What do you do with all those manuals and instruction booklets you get when you purchase a new item?
Why to keep
Generally speaking we rarely refer back to instruction manuals and need to return items under warranty. That said, there are some times when they are useful.
Electronics are the items we most often have to refer back to for instructions. Having a manual on hand may be useful if you need to reprogram your cordless telephone or figure out how to use your scanner, for example.
Keeping the receipt with the warranty let’s you know when the item was purchased – and whether it’s still under warranty when it breaks!
The booklets often help you access the model number without having to get on your hands and knees to read the numbers on your range, for example.
A system, which includes the receipt, warranty and the instructions, provides an inventory of what you own for insurance purposes.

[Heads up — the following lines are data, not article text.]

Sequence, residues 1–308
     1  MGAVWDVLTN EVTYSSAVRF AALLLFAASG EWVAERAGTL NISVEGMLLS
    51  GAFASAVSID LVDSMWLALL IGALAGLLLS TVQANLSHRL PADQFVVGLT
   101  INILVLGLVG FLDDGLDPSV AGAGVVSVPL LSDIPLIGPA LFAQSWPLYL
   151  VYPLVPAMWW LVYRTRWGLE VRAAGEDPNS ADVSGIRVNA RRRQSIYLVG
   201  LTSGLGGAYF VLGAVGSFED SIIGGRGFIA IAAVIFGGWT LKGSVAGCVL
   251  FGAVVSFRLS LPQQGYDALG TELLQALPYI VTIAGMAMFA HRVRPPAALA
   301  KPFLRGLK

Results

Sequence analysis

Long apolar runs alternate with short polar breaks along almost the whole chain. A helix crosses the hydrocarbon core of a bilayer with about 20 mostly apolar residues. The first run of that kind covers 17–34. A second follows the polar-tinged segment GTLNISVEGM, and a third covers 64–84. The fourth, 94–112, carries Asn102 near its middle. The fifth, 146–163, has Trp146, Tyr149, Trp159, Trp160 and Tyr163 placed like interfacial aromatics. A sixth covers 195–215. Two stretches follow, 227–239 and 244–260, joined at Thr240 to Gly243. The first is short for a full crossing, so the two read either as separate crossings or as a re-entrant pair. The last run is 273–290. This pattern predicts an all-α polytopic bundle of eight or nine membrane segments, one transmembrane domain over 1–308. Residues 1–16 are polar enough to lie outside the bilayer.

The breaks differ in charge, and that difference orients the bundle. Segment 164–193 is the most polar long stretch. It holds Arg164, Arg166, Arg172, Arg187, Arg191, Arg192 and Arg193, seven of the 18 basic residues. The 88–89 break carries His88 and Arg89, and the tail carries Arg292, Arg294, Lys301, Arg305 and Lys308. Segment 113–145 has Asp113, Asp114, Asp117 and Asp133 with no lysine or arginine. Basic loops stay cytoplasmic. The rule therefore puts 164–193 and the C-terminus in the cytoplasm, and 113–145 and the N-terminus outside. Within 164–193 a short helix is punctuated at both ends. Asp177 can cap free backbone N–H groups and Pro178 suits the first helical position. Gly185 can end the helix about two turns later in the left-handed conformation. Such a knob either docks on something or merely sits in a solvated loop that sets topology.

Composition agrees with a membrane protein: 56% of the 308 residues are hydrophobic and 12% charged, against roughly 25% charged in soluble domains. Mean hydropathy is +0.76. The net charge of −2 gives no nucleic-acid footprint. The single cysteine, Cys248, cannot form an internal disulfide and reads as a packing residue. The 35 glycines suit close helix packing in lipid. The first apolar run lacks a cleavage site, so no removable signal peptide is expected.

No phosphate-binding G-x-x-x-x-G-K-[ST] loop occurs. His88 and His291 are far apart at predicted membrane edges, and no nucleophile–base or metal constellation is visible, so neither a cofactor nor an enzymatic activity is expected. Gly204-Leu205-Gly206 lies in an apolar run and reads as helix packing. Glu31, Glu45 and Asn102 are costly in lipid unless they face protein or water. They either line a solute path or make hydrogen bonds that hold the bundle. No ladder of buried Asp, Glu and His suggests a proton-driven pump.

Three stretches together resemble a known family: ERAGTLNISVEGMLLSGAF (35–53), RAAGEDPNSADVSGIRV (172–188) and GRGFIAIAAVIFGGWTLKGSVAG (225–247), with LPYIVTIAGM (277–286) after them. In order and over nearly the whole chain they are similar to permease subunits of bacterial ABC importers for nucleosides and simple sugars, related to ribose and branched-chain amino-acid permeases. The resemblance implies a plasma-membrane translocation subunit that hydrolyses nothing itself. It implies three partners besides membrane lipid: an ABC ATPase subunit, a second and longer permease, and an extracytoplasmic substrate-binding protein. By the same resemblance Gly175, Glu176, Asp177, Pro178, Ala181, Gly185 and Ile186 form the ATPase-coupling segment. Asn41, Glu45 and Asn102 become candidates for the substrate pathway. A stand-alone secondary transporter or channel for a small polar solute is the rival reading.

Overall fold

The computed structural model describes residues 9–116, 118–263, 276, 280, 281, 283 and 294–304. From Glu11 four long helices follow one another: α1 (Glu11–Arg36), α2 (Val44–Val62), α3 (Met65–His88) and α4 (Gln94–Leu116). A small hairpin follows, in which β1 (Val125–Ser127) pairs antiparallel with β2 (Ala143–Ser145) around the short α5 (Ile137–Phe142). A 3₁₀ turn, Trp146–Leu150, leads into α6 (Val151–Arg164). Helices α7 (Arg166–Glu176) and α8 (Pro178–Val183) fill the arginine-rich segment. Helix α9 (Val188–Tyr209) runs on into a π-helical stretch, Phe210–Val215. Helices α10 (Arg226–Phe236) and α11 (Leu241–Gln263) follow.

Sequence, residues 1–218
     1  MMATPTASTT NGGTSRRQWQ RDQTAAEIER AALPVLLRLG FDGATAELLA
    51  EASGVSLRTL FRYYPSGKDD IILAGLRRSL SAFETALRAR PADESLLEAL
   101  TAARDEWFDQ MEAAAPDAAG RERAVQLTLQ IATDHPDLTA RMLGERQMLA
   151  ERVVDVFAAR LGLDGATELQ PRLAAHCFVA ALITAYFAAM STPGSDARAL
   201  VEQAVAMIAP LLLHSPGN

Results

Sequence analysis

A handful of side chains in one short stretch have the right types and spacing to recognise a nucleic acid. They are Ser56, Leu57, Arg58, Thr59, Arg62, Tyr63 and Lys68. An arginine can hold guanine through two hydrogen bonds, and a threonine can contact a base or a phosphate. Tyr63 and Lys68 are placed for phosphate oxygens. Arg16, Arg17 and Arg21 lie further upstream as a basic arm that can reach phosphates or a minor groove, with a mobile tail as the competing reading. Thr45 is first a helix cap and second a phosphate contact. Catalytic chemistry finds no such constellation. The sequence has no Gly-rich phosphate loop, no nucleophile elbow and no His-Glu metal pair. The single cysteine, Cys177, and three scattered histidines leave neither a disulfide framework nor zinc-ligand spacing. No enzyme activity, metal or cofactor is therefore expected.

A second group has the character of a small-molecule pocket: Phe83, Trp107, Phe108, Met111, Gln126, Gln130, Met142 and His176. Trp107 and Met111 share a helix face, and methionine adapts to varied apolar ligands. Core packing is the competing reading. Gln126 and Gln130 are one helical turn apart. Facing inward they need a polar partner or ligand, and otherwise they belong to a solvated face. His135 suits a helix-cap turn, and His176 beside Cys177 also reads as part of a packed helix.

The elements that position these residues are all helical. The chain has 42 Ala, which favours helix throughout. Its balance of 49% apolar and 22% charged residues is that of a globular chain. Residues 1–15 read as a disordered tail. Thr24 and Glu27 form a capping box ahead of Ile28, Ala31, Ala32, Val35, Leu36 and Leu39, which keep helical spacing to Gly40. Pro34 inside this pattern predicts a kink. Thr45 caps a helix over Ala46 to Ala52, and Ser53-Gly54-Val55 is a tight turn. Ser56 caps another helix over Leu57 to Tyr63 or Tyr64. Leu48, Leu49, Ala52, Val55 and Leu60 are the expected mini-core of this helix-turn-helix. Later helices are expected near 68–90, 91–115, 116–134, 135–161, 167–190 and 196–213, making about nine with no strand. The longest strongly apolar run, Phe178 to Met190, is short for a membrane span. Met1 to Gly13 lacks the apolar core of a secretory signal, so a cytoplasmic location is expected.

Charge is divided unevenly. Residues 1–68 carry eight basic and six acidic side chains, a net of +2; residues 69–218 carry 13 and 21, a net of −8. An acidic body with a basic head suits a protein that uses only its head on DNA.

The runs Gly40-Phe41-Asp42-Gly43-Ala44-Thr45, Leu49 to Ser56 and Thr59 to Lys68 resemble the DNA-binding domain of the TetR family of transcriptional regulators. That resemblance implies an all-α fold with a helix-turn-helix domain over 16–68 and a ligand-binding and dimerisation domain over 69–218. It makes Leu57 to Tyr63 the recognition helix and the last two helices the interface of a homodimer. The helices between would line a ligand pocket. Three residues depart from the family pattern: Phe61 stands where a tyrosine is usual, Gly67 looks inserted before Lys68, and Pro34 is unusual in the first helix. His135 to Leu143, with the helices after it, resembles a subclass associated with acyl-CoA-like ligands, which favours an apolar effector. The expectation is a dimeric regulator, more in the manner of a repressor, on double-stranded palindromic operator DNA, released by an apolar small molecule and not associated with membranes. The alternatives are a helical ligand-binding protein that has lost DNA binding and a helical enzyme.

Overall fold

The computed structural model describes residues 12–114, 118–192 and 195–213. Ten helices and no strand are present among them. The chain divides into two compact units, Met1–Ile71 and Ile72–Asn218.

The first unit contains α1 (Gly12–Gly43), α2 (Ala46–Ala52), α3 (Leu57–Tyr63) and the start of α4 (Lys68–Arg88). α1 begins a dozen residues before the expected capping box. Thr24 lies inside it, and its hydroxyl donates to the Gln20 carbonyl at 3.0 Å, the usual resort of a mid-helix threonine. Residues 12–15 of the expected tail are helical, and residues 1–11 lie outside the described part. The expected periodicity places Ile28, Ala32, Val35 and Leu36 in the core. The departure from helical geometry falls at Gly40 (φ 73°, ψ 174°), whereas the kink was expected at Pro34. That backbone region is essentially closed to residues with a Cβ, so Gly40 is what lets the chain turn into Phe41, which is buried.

What to keep
Be realistic about the kind of instructions you’ll need to refer back to. Many small items and small appliances come with instruction manuals but are unnecessary for the consumer. Do you honestly think you’ll ever come back to the instruction manual for how to operate your smoke detector?
Purging out those kinds of manuals can reduce the paper by half. In addition, most manuals are available through the company website.
Where to keep
Manuals and warranties are generally low-use items so don’t let them take up valuable real estate in your home. Wouldn’t you rather have useful tools in your kitchen junk drawer than rarely referenced booklets?
Here are a few of our favorite options for how to store them:
- Filed by category, clearly labeled. Sample headings: Appliances, Electronics, Misc., Sports, Tools, Toys
- Binder(s) with plastic sleeves or file pockets to make it easy to toss in new manuals
- Designated drawer or portable box
Get started! Go grab your stack of manuals and start purging. You’ll be surprised at how few you really need to keep and that will make storing them all the easier.